August 28, 2011 § 3 Comments
I was coming back from the Kettle Ride today with Taylor and Mike on the bike path that connects Washington Blvd. with Admiralty. A couple of hundred yards before the crosswalk on Admiralty there was a lady sitting in the grass, her beach cruiser flopped on its side not far from where she sat. Three firemen were hunched around her–there’s a fire station right across the street–and the howl of an approaching ambulance got louder.
I glanced at her as we passed. Beginning at the top of her forehead, where a properly fitted bicycle helmet would have covered her skull, and running down to her lower cheek was a giant pulpy smush of blood and skin and meat. It looked like an angry stonemason had punched her in the face with a large, steel-encrusted ham. Her boyfriend, similarly helmet-less, stood off to the side wringing his hands.
I reflected for a moment on the fate of a friend who had been taken out by a left-turning motorist who “didn’t see” the bicycle as she was texting behind the wheel. He had shot over the hood, into the windshield, and then straight up into the air, landing on the back of his head. The difference between him and the gal on the bike path is that he was wearing a helmet, and it had absorbed the entire blow, leaving him with a mild concussion. The girl on the bike path was going to need reconstructive surgery to put the top of her face and head back together.
Ain’t No Bicycle Crit Like a Hypocrite
I got suspended by the USCF back in the 80’s when they introduced the hardshell helmet rule for bike races. Not for failing to race with a hardshell, but for sending nasty letters to Richard Degarmo and the USCF staff protesting this outrageous violation of my constitutional rights to be a quadriplegic or dead. I was kind of like this concatenation of idiots, only more so, since there was only one of me. It took about twenty years to realize that helmets work, and that they save lives, and that people who ride around without them have either never been told of the hazards of riding without them, or they are total fucking crazies, or Noel.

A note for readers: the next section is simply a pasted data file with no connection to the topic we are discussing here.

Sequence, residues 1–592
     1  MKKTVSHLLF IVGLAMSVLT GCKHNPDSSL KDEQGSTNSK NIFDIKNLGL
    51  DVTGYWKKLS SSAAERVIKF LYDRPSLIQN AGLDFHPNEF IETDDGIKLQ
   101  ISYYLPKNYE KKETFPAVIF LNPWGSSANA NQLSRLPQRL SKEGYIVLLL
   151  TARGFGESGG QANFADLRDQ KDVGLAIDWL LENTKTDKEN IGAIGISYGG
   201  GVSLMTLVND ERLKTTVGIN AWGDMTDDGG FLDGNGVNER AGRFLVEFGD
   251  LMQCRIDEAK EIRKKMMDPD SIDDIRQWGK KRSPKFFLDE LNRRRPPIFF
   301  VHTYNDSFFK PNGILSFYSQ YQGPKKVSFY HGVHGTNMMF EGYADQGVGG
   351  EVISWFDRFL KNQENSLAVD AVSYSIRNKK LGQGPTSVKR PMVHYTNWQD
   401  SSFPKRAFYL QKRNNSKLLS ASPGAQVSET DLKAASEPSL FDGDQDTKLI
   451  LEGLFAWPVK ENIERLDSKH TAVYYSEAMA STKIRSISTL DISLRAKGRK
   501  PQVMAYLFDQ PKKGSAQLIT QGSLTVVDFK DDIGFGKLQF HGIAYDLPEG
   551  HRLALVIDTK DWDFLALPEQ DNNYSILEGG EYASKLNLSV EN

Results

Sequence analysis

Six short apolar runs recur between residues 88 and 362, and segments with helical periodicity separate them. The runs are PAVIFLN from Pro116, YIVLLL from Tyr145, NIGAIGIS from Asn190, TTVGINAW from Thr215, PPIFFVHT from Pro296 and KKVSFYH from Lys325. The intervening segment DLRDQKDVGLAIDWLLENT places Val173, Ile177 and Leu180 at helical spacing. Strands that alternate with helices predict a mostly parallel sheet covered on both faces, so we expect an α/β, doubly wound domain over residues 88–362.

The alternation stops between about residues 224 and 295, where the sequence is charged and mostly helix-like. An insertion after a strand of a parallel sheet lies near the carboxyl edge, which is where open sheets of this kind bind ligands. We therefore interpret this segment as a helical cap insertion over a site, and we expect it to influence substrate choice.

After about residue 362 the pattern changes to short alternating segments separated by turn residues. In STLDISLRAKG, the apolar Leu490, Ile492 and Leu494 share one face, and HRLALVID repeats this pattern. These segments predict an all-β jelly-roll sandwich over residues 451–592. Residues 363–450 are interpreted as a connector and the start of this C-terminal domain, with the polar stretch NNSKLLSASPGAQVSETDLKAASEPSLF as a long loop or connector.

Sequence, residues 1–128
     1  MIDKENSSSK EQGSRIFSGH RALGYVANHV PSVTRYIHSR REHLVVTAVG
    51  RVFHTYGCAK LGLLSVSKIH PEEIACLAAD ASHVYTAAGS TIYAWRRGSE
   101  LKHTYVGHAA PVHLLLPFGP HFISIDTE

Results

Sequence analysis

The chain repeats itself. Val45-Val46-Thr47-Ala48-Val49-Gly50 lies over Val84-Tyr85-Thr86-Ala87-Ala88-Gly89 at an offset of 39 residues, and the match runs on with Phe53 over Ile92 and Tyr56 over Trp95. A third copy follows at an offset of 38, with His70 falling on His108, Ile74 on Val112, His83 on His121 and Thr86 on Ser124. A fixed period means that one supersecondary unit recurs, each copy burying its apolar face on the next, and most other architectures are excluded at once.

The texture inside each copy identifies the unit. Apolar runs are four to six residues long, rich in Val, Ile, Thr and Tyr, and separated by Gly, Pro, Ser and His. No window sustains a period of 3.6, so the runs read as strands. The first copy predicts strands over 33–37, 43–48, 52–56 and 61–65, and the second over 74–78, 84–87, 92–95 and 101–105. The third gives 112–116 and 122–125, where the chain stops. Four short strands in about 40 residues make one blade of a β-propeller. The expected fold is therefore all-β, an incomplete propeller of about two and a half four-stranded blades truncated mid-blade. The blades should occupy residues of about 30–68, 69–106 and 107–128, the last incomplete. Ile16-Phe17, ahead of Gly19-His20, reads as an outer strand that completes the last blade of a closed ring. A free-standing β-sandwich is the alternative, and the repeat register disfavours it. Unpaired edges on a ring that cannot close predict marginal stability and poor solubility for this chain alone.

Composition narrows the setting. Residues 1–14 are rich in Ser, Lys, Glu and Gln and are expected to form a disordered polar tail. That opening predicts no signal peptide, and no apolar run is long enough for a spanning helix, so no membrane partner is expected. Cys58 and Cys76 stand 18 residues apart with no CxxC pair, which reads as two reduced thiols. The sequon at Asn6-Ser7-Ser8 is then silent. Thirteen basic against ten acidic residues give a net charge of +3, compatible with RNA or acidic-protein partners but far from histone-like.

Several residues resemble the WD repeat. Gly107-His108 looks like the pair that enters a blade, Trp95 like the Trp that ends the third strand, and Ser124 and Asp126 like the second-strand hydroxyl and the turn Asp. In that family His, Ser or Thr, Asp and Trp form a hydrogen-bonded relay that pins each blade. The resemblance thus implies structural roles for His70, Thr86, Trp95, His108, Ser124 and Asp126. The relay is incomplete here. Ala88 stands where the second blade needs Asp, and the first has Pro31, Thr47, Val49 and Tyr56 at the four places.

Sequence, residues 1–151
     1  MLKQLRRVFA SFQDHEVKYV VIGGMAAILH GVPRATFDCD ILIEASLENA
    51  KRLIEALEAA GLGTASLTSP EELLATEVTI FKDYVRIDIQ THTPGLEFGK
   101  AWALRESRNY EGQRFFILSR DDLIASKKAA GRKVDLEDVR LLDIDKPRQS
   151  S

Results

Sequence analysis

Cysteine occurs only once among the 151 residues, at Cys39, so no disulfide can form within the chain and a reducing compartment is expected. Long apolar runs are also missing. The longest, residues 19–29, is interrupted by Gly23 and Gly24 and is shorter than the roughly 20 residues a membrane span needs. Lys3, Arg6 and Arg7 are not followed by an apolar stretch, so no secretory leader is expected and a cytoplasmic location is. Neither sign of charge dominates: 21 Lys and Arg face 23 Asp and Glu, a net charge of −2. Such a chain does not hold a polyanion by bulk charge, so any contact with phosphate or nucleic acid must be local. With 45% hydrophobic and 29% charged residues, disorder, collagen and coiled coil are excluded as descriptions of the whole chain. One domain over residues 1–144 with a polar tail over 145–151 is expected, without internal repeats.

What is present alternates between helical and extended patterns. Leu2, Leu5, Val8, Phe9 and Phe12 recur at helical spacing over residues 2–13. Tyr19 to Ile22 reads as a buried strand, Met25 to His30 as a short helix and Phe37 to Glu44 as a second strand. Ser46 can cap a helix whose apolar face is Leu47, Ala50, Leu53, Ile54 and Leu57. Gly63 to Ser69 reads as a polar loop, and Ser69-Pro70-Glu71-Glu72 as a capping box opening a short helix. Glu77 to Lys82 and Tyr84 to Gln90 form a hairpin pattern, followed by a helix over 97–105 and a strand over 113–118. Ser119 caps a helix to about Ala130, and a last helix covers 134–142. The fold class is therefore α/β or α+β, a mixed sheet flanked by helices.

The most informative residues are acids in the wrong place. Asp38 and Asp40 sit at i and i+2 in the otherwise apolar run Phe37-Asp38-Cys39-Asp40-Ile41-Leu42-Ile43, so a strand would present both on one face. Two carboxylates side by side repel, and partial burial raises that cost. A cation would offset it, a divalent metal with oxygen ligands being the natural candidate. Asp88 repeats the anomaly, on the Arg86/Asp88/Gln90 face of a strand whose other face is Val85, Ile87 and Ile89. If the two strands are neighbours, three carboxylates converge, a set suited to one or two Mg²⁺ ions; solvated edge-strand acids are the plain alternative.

When I moved back to Houston in 2005 and started showing up on the Sugarland ride sans helmet, I was subjected to a constant barrage of friendly comments by total strangers concerned about my safety: “Where’s your helmet, dumbass?” “You forgot your helmet, dumbshit.” “Don’t come on this ride, dumbass.” “You are too stupid and dangerous to ride with us.” “Why don’t you wear a helmet, stupid?” “You should wear a helmet, idiot.”
After a few rides I started wearing a helmet.
Now, each time I see someone pedaling around without one, I wonder, “What’s going on in that person’s head? Aside from nothing, I mean.” So over the course of the last few months I’ve been stopping people and asking them. Their answers are enlightening.
Guy on beach cruiser watching volleyball at Manhattan Beach: “Fucks up my hair, dude.”
Me: “Do you think it’s going to be easier to get your hair back in place after you take off the helmet, or to get your brains scooped back into your skull after they’ve spattered all over the pavement?”
Little kid pedaling down by Santa Monica Pier: “Get away from me, mister, or I’m calling the police.”
Tattooed bike racer: “I just rode you off my fucking wheel. Shouldn’t you be more concerned about your pathetic lack of fitness?
Me: “Good point.”
Frankly, My Dear, I Don’t Give a Damn
And, I suppose, neither do the people who ride with the whistle of the wind in their hair. There’s something about the carefree, rebellious, whipping feel of wind on a bare head that simply can’t be beat by anything. Except the solid whack of pavement, of course.